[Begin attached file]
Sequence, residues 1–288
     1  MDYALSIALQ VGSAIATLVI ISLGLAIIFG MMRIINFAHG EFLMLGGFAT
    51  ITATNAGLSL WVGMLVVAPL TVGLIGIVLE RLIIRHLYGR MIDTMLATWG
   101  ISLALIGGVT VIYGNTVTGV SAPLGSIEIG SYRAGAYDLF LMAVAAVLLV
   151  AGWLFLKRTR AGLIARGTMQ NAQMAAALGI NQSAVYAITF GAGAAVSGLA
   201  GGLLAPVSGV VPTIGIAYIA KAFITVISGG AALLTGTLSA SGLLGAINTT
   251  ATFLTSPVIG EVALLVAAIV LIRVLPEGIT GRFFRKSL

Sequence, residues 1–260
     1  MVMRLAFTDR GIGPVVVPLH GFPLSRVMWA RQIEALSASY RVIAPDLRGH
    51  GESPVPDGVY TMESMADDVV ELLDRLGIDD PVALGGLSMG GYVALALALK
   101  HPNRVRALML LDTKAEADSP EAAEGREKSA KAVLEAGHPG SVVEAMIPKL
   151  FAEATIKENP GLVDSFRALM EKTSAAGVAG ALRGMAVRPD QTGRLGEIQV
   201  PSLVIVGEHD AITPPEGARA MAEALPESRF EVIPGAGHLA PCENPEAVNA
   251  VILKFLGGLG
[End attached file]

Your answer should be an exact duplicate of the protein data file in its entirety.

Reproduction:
Sequence, residues 1–288
     1  MDYALSIALQ VGSAIATLVI ISLGLAIIFG MMRIINFAHG EFLMLGGFAT
    51  ITATNAGLSL WVGMLVVAPL TVGLIGIVLE RLIIRHLYGR MIDTMLATWG
   101  ISLALIGGVT VIYGNTVTGV SAPLGSIEIG SYRAGAYDLF LMAVAAVLLV
   151  AGWLFLKRTR AGLIARGTMQ NAQMAAALGI NQSAVYAITF GAGAAVSGLA
   201  GGLLAPVSGV VPTIGIAYIA KAFITVISGG AALLTGTLSA SGLLGAINTT
   251  ATFLTSPVIG EVALLVAAIV LIRVLPEGIT GRFFRKSL

Sequence, residues 1–260
     1  MVMRLAFTDR GIGPVVVPLH GFPLSRVMWA RQIEALSASY RVIAPDLRGH
    51  GESPVPDGVY TMESMADDVV ELLDRLGIDD PVALGGLSMG GYVALALALK
   101  HPNRVRALML LDTKAEADSP EAAEGREKSA KAVLEAGHPG SVVEAMIPKL
   151  FAEATIKENP GLVDSFRALM EKTSAAGVAG ALRGMAVRPD QTGRLGEIQV
   201  PSLVIVGEHD AITPPEGARA MAEALPESRF EVIPGAGHLA PCENPEAVNA
   251  VILKFLGGLG